Bright light therapy for seasonal affective disorder in Israel (latitude 32.6°N): a single case placebo-controlled study

Authors


Lucian Moscovici, Department of Psychiatry, Tel Aviv Sourasky Medical Center, 6 Weisman Street, Tel Aviv 64239, Israel.
E-mail: lozian@netvision.net.il

Abstract

Introduction:  We describe a patient diagnosed as having seasonal affective disorder (SAD, winter depression), an unlikely condition in Israel (latitude 32.6°N), a country with relatively minor daylight photoperiodic changes between seasons.

Method:  Case report.

Results:  A 46-year-old woman with a clinical picture of depression (Diagnostic and Statistical Manual of Mental Disorders diagnostic criteria for ‘major depression with seasonal pattern’) reacted positively to 3 weeks of daily bright light therapy of 10 000 lux/wide spectrum. She was asked to wear dark sunglasses during placebo sessions to accommodate an A-B-C single-case-design. The intervention resulted in an improvement of 74–80% in the Hamilton anxiety and depression scales (clinician-rated) and the Beck depression inventory, similar to results obtained in high latitude regions. The depression and anxiety levels returned close to baseline levels following 1 week of the placebo intervention.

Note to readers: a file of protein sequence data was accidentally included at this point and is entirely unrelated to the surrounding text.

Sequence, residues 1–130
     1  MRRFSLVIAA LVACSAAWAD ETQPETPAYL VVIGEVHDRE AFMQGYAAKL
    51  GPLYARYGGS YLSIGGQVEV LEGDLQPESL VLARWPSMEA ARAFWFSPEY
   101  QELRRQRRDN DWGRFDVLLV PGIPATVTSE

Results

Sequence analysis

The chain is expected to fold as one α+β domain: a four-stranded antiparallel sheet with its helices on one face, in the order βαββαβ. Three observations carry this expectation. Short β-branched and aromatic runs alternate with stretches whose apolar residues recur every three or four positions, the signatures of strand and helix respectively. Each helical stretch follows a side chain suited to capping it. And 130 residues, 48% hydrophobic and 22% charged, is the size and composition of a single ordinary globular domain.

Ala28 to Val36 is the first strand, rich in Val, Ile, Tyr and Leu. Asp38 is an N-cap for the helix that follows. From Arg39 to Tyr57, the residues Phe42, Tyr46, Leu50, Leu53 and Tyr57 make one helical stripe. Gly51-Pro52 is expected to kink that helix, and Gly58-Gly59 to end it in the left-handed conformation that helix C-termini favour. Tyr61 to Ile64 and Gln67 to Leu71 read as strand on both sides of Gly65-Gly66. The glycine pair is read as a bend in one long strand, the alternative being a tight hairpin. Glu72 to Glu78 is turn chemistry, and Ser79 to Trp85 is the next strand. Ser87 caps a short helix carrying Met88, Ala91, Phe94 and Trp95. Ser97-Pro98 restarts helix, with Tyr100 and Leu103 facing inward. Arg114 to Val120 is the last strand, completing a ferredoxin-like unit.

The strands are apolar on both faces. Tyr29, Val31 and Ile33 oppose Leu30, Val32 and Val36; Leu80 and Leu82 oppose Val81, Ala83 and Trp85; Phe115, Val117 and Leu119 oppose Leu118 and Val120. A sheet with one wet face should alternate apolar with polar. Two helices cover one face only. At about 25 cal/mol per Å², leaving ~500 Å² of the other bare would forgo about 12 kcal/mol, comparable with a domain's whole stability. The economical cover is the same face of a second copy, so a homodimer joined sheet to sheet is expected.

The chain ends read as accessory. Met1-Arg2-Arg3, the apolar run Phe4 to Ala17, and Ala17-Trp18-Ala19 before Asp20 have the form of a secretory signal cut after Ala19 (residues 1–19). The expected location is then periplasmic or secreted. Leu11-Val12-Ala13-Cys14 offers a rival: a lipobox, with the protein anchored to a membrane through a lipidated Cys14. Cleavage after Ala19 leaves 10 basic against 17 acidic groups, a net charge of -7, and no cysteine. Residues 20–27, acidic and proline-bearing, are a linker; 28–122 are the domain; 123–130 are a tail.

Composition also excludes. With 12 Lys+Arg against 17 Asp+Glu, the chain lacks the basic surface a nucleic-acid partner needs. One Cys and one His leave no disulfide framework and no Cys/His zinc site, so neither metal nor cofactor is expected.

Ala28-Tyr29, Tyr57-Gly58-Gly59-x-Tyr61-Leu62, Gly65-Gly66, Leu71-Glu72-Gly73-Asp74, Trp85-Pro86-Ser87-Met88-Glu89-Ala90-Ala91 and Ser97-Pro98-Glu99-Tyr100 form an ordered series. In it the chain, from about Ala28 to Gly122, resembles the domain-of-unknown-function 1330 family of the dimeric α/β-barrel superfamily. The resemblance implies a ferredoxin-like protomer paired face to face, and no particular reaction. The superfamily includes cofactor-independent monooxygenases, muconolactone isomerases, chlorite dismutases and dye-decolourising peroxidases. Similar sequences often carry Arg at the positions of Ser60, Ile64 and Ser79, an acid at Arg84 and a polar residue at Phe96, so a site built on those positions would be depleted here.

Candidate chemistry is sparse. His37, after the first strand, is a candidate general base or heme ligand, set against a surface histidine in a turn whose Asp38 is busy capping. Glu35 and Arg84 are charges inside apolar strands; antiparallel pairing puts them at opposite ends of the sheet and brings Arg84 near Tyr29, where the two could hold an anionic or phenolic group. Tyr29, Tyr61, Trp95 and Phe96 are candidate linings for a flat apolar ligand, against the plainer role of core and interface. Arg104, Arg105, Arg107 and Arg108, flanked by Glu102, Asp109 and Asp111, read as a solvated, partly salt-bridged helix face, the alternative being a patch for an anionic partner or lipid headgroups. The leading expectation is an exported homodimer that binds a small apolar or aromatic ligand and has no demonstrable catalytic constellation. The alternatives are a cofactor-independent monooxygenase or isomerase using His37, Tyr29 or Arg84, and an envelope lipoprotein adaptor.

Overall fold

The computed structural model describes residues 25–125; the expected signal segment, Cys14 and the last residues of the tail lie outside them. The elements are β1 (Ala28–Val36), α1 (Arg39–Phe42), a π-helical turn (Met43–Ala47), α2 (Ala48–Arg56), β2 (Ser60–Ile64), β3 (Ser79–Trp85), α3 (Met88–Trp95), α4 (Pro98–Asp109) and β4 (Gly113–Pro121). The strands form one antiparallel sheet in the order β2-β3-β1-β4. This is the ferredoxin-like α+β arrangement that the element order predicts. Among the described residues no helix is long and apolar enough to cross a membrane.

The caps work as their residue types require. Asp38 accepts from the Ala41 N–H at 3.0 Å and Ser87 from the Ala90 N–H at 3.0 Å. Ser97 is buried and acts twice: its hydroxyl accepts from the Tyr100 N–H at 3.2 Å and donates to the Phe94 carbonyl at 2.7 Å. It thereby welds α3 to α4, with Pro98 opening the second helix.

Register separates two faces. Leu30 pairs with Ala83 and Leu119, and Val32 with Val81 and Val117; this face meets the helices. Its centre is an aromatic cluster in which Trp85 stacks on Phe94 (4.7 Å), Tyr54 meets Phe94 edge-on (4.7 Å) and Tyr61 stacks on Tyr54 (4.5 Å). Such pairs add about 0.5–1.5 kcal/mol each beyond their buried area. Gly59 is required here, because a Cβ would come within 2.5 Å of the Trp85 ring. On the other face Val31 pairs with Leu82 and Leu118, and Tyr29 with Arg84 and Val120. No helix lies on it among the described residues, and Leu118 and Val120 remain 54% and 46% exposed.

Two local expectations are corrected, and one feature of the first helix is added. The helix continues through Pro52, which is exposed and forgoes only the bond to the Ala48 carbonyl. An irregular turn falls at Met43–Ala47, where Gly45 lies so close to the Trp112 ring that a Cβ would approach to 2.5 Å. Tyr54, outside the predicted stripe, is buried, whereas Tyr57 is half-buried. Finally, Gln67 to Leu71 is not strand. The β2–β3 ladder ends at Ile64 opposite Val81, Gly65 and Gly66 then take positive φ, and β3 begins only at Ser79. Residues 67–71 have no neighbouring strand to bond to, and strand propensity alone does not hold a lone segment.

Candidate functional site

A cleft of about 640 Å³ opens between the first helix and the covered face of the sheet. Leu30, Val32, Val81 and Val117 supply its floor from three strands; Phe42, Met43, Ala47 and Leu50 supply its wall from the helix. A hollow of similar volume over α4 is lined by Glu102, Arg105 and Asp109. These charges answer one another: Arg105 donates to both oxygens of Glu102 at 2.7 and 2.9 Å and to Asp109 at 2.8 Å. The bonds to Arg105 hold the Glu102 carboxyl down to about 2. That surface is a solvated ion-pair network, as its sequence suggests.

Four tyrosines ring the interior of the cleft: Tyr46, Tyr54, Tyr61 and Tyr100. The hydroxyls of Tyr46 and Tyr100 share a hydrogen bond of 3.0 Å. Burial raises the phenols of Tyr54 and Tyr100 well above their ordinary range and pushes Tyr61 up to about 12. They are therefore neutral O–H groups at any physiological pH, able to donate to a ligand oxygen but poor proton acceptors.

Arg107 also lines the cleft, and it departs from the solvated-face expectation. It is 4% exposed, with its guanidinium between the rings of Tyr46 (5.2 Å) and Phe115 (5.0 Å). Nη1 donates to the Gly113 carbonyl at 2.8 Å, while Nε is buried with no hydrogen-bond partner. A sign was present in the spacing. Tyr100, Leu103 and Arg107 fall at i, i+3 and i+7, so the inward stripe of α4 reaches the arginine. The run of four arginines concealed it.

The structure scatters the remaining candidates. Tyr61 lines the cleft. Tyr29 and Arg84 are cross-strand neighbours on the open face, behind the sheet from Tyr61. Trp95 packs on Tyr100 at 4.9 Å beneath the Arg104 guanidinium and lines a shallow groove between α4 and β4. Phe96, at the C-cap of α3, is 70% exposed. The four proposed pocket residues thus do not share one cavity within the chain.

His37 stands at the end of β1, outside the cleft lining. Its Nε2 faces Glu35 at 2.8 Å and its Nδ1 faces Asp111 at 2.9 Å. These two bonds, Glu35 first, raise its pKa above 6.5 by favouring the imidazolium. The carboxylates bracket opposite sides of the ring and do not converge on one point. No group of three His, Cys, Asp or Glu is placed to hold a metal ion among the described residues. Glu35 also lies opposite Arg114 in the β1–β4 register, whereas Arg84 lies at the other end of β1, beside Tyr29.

Conclusion:  Seasonal affective disorder is apparently not limited to certain latitudes. The effect of light therapy was short-lived after discontinuation of the treatment, with rapid relapse occurring in the placebo phase.

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